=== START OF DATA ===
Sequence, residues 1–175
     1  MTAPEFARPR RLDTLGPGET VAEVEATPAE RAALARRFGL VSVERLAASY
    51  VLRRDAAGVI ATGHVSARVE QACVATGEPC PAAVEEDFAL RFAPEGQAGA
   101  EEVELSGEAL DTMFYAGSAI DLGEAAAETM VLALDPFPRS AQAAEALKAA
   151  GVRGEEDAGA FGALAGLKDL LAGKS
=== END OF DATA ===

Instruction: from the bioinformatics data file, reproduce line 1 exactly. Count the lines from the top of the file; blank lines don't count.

Sequence, residues 1–175